A spate of suspicious fires in the Mambo wetlands area has left the Port Stephens community fearing an arsonist or arsonists could be on the loose with the fire season still in its early days.
In the latest incident overnight Monday, fire which ignited in bushland at the back of Mariners Crescent burnt out in excess of 82 hectares of terrain in Salamander Bay.
Just one week earlier (Tuesday, December 4), fires believed to be deliberately lit at 6.30am and again at 11am burnt out nearly two hectares of Mambo reserve alongside Port Stephens Drive.
Port Stephens-Hunter Police District Chief Inspector Tony Townsend said police working with fire investigators would be treating this latest fire as suspicious.
“There doesn't seem to be an obvious natural cause,” he said. “Detectives are investigating and are currently reviewing CCTV footage from the area. We have notified the arson squad.”’
Lower Hunter Rural Fire Service (RFS) district officer Bert Pippin said that it was an unfortunate start to the fire season in Port Stephens and reminded the public not to be complacent.
“If anyone sees a person acting suspiciously in bushland they should contact Crime Stoppers on 1800 333 000 immediately.”
Mr Pippin said that 66 firefighters from RFS and Fire and Rescue spent the first 12 hours from 6.30pm Monday containing the fire burning in difficult to access terrain. No lives or property were lost, but wildlife, including koalas, were in the firing line.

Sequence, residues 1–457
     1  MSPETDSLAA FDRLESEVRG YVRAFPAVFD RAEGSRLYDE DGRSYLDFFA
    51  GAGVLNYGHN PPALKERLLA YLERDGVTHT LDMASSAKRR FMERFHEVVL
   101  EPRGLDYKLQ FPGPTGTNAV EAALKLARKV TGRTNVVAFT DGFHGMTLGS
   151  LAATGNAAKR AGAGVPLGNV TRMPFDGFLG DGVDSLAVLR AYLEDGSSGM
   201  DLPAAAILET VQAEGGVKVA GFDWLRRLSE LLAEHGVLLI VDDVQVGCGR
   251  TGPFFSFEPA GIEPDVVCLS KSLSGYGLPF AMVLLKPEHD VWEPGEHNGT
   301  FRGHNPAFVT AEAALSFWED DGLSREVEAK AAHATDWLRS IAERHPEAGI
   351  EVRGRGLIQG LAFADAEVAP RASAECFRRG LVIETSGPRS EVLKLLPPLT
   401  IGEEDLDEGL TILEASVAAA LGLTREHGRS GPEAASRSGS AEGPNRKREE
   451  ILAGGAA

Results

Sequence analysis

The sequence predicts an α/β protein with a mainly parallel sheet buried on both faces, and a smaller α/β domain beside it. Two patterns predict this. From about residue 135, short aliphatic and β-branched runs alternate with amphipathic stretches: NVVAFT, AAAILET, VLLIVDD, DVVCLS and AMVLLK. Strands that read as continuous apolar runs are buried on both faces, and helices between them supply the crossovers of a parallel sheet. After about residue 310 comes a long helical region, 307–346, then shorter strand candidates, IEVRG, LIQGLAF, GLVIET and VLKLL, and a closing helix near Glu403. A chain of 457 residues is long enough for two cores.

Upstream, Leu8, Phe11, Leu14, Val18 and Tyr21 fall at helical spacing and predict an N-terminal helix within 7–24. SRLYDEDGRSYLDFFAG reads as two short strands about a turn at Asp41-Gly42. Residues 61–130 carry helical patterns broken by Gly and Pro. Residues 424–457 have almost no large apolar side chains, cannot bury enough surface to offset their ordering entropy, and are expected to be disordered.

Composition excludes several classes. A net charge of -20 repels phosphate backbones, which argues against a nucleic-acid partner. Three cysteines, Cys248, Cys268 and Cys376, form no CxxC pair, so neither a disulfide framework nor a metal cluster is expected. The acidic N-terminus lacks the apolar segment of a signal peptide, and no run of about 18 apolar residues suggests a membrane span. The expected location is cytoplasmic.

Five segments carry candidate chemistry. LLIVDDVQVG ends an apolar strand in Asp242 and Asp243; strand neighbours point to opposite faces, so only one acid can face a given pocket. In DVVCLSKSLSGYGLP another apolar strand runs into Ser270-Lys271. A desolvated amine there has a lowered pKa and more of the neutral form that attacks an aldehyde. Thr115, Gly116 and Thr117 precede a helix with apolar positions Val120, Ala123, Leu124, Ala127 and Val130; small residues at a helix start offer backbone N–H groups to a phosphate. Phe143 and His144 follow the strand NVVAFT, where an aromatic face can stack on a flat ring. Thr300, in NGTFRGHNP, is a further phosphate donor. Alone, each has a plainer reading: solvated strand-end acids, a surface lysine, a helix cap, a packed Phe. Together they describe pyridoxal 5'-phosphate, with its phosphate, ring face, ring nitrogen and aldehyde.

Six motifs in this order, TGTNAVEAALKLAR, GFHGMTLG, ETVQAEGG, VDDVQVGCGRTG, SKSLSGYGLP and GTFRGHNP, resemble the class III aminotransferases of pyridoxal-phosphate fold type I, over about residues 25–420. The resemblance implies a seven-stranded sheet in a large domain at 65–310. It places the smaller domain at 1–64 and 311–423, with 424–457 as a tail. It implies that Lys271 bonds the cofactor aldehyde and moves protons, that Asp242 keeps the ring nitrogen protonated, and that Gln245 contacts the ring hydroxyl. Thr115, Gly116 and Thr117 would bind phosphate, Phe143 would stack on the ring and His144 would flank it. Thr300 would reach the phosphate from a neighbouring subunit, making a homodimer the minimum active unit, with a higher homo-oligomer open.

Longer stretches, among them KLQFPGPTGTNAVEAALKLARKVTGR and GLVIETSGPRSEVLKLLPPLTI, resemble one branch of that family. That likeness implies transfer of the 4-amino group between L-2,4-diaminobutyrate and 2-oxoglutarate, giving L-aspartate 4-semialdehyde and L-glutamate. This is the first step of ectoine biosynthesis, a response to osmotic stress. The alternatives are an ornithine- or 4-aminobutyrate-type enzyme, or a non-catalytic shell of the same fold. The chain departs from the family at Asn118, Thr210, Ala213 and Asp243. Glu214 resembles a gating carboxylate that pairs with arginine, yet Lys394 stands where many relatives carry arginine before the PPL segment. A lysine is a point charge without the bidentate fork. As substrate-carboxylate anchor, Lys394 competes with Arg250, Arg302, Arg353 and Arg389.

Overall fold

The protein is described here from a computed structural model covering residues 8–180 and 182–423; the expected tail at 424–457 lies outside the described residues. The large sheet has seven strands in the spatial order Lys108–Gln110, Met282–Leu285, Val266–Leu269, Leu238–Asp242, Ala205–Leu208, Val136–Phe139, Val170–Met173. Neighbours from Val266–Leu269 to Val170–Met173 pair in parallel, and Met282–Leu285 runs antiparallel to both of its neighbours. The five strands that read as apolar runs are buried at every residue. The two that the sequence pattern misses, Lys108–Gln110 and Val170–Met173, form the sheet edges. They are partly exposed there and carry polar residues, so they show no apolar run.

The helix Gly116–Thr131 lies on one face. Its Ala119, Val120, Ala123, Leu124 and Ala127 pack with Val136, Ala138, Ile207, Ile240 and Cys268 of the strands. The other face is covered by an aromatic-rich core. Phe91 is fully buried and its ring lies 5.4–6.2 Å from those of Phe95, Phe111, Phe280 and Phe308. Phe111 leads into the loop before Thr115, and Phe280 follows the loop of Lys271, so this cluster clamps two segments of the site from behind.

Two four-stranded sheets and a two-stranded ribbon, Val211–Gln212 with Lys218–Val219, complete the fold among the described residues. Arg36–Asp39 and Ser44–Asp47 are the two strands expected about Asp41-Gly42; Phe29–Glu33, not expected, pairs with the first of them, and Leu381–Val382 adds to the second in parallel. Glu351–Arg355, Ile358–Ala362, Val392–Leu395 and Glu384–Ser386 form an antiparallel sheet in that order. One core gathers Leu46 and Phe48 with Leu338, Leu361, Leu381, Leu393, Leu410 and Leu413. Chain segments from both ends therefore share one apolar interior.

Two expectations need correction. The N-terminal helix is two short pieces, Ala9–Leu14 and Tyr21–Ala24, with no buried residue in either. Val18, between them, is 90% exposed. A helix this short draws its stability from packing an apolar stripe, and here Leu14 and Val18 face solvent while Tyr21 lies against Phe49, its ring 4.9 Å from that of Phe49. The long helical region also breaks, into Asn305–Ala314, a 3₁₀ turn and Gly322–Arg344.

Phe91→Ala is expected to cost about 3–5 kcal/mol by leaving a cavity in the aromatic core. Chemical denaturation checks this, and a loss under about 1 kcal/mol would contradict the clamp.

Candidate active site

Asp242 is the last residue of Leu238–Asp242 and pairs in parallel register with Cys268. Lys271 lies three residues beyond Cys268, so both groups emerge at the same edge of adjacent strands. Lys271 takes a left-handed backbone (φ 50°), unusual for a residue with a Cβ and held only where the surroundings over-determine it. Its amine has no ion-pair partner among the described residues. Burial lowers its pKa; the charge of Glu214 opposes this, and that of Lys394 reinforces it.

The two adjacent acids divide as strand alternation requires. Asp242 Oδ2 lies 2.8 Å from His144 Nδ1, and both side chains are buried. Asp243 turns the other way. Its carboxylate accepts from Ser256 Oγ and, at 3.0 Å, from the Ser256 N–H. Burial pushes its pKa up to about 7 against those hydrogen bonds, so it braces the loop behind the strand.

“As of this morning [9am Tuesday] the fire is being controlled with crews monitoring the situation. The first priority for firefighters was to ensure the community was safe. We can only hope that any wildlife, including koalas, had the opportunity to flee the flames … it was a slow burning fire.”
Ron Land, secretary of Port Stephens Koalas, was not so optimistic.
“Without a doubt koalas have been lost,” he said.
“This is the third suspicious fire within a week placing the entire Port Stephens community at risk. Fortunately firefighters have been able to save lives and property but the cost to our koala population will be devastating.
“Anyone convicted of deliberately lighting fires causing damage to bushland or wildlife should be dealt with the full force of the law.”
NSW law states that a person who is guilty of intentionally causing and spreading a fire to vegetation on public land or someone else’s land will face a criminal conviction and penalty of up to 21 years imprisonment.
Mr Land said that the destruction of animal habitat from bushfires could force koalas and other wildlife to roam suburban streets looking for food. Anyone sighting injured or abandoned wildlife contact 0418 628 483.